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When it comes to marriage, there are lots of opinions and thoughts. Some people get married, and years later down the line realize they weren’t as compatible as they once thought they were. There are many reasons for that outcome (one being a post later down the line). One reason people might have marriage issues or regrets is that these days, they don’t get to know the nitty-gritty details about the other person before marriage. Many events impact an individual in their life that makes them the person they are today. Some people are lucky and did the work necessary to know that the person they intend to marry is, in fact, a good choice of life partner. And yes, relationships are work, and that’s not a bad thing! No relationship is easy, and if it is, something wrong. Relationships are a second job that you don’t get a day off from.

For Jak and me, we lucked out with the fact that I study psychology and have an innate desire to get to know people. As Jak stated in his vows, “When we met, I wasn’t ready for a relationship.” That was very true. I got to know Jak, and more importantly got to know his past. Without knowing a person’s past, how can you understand who they are today? How do you understand why they react the way they do? Given both of our childhoods with very different upbringings, we had a lot of things to talk about and understand about each other. We came from very different worlds. His parents divorced around age eleven. My parents are still together to this day. Who your parents are, and what you witnessed growing up has a huge impact on who you are today, and how you believe marriage works.

Psychology 101: Social learning theory includes the term modeling. Albert Bandura was a famous psychologist who focused his theory on how people change how they act based on what they observe in the environment around them. Modeling is when someone watches behavior and imitates that behavior themselves.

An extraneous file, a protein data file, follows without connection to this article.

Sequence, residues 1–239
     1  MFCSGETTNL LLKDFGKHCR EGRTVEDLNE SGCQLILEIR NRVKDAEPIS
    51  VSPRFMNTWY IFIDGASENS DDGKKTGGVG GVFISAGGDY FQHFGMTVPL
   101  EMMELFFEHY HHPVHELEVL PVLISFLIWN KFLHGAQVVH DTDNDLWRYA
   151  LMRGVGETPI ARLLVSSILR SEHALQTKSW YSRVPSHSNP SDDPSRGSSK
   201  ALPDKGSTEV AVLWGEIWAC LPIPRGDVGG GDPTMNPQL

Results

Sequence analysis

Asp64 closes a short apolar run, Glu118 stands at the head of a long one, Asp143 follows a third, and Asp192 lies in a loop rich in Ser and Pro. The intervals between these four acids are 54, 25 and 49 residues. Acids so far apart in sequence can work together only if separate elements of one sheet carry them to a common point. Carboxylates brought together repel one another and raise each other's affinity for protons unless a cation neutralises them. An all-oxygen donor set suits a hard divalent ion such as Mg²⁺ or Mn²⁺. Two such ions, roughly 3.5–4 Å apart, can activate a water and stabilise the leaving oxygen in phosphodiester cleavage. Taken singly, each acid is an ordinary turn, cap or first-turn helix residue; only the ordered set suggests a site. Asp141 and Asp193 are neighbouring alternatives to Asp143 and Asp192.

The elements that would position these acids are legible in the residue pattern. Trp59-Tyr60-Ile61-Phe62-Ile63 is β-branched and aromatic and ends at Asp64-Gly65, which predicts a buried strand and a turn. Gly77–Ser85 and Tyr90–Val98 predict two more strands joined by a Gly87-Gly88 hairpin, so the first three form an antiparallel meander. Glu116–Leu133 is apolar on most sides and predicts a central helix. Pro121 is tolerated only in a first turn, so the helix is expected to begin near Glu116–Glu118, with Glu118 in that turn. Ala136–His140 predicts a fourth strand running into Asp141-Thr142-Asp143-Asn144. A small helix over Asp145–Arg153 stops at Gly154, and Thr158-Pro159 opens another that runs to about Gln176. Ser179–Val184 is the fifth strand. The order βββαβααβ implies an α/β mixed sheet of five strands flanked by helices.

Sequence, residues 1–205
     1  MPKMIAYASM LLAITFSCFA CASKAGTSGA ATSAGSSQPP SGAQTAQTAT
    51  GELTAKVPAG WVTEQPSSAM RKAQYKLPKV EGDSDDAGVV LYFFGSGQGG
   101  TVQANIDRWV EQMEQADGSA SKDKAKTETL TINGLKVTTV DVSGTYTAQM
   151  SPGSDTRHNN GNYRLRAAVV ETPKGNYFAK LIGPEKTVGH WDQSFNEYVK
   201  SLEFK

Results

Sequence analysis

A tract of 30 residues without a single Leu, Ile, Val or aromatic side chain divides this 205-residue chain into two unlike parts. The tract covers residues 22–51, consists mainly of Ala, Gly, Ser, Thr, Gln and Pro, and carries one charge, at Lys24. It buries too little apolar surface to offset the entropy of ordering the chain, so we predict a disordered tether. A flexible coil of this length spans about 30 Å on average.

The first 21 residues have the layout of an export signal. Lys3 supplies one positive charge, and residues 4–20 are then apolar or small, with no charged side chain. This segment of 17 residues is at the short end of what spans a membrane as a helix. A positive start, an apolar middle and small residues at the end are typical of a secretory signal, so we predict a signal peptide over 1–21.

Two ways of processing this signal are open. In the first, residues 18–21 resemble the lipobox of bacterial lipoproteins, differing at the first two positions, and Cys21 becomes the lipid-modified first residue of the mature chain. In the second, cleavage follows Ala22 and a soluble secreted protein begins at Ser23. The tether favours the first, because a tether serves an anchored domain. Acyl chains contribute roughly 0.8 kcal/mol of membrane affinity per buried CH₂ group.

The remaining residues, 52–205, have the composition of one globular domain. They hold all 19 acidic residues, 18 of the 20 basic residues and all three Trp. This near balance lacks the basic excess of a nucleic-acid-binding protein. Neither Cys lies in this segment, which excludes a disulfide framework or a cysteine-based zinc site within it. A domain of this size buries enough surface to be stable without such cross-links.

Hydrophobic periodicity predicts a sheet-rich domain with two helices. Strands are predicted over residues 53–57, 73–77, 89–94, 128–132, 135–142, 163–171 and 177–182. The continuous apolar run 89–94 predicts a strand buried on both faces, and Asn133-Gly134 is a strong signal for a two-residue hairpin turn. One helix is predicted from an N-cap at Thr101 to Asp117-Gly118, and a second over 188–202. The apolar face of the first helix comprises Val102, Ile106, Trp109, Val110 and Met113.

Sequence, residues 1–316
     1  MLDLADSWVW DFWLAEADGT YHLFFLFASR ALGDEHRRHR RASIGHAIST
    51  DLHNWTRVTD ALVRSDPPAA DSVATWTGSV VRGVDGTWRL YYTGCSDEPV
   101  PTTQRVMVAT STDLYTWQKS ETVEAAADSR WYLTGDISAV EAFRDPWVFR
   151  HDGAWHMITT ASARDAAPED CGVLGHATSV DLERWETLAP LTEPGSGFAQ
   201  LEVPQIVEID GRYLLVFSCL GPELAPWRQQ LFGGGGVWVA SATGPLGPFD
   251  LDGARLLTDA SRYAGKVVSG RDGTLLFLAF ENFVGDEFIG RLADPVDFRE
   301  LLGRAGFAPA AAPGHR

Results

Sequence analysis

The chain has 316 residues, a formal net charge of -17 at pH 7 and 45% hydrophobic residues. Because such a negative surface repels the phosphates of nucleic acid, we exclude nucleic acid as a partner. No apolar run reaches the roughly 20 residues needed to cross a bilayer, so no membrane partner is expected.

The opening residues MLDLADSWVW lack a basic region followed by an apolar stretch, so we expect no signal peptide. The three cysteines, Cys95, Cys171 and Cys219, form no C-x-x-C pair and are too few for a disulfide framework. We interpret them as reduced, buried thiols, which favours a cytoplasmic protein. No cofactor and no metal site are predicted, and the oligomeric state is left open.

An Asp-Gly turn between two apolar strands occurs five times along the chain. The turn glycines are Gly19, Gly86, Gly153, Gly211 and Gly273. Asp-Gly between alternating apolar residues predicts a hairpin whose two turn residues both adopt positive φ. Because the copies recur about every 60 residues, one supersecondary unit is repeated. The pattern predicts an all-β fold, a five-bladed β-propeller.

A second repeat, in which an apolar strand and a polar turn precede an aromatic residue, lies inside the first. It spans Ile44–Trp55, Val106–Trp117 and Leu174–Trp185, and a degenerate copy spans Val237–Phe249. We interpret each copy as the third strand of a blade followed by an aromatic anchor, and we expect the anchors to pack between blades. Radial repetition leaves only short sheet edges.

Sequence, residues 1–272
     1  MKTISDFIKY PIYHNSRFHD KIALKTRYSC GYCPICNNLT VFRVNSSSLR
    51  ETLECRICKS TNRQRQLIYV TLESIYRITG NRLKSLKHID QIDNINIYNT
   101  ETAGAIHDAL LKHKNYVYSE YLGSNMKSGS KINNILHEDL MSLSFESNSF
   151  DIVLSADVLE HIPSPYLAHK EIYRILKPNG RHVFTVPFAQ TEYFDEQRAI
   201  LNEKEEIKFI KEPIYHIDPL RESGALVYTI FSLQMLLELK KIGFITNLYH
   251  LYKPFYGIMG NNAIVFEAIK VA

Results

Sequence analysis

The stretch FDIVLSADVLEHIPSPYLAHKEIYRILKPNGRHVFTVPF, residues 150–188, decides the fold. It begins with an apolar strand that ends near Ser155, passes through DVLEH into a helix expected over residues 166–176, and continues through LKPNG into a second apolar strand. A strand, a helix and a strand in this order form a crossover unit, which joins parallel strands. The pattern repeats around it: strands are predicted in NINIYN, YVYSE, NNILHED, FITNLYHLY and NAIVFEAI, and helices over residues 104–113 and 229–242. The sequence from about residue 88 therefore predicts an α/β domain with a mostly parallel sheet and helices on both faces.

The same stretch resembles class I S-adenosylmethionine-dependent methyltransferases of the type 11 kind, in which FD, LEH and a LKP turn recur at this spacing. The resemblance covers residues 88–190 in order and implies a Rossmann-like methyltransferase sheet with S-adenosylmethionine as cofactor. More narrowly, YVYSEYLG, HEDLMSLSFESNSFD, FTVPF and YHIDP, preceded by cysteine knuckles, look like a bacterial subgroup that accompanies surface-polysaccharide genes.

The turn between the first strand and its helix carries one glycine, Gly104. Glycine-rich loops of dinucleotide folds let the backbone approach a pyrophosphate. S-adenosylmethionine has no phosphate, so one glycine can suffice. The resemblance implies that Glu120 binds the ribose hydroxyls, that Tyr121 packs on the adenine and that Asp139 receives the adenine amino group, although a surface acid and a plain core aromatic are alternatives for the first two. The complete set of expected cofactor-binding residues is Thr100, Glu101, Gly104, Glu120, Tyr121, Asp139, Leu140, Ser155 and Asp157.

For instance, when my parents would fight, my mom left the room when she didn’t want to talk anymore, or if the fight was big enough my dad would leave the house, go for a drive, get food, and come back a couple hours later. Jak and I have had our disagreements and arguments and the one thing he always hated was that I had the instinct to leave the argument when it got overwhelming. I recently explained to him why I believe I do that. I told him I watched my parents argue, and they got through it by leaving and coming back later to discuss things calmly.

It took me months to understand why Jak didn’t know how to have a romantic relationship. Only once Jak opened up a bit about how his parent’s divorce happened, and what he witnessed before and after the divorce did I understand why he didn’t know what romance was. He never saw a stable relationship growing up. I saw my dad buy my mom flowers on occasion to make her smile, I saw him get her things on Valentine’s Day, I saw the kisses in the evening, etc. He never witnessed those types of things, and psychologically it would make sense that he had no idea what to do.

Social learning theory and modeling are important concepts that can help one understand why a person acts the way they act. Parents are the biggest influences on children, especially at a young age, so if you are having issues with your spouse, maybe think to ask about their parent’s relationship if you don’t know much. How did their parents interact with one another? How did their parents interact with your spouse? You get the idea. Sit down, talk openly, and try to get to know more about each other so you can see things from their perspective. Good communication is one of the most difficult skills to learn and implement. I have a two part series on healthy communication and a quick “7 Tips” PDF download! Just sign up for the Newsletter and you can get access to psychological tips and knowledge in how to navigate marriage and relationships!

XOXO Savvy

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2 Comments

  1. I love this, and agree with the idea that we reenact what was modeled to us as children. It makes me want to do my part to be a better model of marriage for my own children.
    – Christine

  2. Hi Savvy,
    I liked your story about Jak. Great example. I agree with what you wrote about parents’ influence on their children.
    I met you in the Community Pool where you indicated you are a new blogger. Maybe you can check out my site if you need any blogging tips. That’s what I write about. I blog over at http://mostlyblogging.com. I help new bloggers at my site. I also host 6 blog parties each month and giveaways.
    Janice

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